The Michael Polanyi Center (MPC) seeks to develop a scientifically responsible design-theoretic alternative to the non-telic approaches that currently dominate complex systems theory, thereby promoting awareness of the ways naturalism and reductionism constrain both theory and methodology in contemporary science. This goal is pursued through both research and education. The scientific research of the MPC focuses on the development and outworking of models in the physical, biological, and social sciences that recognize the irreducible character of various classes of information-theoretic structures. This research challenges the dominance of naturalism as the philosophical matrix for scientific practice, and raises important questions in the conceptual foundations of science. As a consequence, the MPC is concerned to study how science, philosophy, and religion interact and influence each other, and the effects this has on the culture at large. Knowledge of this research is disseminated to the academic community through the publication of books and articles in technical journals, as well as through the organization of a variety of academic meetings and seminars. Areas of special interest include the history and philosophy of science, information and complexity theory as a framework for scientific research, and the interactions among science, religion, and culture. The significance of the MPC's research and educational efforts are communicated more broadly through articles and books aimed at a popular audience, and through workshops for lay audiences and pre-college students.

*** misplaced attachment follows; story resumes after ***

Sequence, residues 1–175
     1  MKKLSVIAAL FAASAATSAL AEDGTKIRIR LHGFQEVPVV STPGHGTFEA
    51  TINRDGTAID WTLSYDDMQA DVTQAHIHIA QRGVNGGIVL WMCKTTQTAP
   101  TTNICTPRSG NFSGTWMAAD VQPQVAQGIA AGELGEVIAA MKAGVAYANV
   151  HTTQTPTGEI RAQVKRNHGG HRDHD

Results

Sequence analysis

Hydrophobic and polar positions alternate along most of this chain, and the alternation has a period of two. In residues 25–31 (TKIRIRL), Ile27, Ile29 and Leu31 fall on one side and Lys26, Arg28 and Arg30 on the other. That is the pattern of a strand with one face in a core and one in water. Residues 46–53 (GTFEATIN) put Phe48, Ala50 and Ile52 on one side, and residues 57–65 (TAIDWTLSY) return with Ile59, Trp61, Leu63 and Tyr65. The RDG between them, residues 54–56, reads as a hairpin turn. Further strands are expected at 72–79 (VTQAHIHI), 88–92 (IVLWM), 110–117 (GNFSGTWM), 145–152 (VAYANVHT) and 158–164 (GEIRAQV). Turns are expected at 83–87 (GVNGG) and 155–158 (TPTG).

The Nature of Nature

[announced January 2000]

 

An Interdisciplinary Conference on the Role of Naturalism in Science

 

Dates: April 12-15, 2000
Place: Baylor University

 

OVERVIEW: Is the universe self-contained or does it require something beyond itself to explain its existence and internal function? Philosophical naturalism takes the universe to be self-contained, and it is widely presupposed throughout science. Even so, the idea that nature points beyond itself has recently been reformulated with respect to a number of issues. Consciousness, the origin of life, the unreasonable effectiveness of mathematics at modeling the physical world, and the fine-tuning of universal constants are just a few of the problems that critics have claimed are incapable of purely naturalistic explanation. Do such assertions constitute arguments from incredulity -- an unwarranted appeal to ignorance? If not, is the explanation of such phenomena beyond the pale of science? Is it, perhaps, possible to offer cogent philosophical and even scientific arguments that nature does point beyond itself? The aim of this conference is to examine such questions.

 


 

Presidential perspective

 

President Robert B. Sloan Jr. speaks on Christian higher education and the university's place in it.

http://www3.baylor.edu/Lariat/Archives/2000/20000420/art-front01.html

 

March 27, 2000